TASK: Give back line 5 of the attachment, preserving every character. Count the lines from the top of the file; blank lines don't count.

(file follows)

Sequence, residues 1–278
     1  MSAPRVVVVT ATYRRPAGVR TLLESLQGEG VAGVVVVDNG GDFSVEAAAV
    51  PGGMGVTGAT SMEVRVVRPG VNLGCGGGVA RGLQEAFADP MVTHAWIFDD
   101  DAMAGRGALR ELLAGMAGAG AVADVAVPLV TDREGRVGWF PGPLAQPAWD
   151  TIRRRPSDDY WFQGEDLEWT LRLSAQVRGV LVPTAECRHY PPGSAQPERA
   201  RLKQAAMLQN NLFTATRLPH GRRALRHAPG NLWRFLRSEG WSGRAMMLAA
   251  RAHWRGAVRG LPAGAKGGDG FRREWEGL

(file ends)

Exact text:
   151  TIRRRPSDDY WFQGEDLEWT LRLSAQVRGV LVPTAECRHY PPGSAQPERA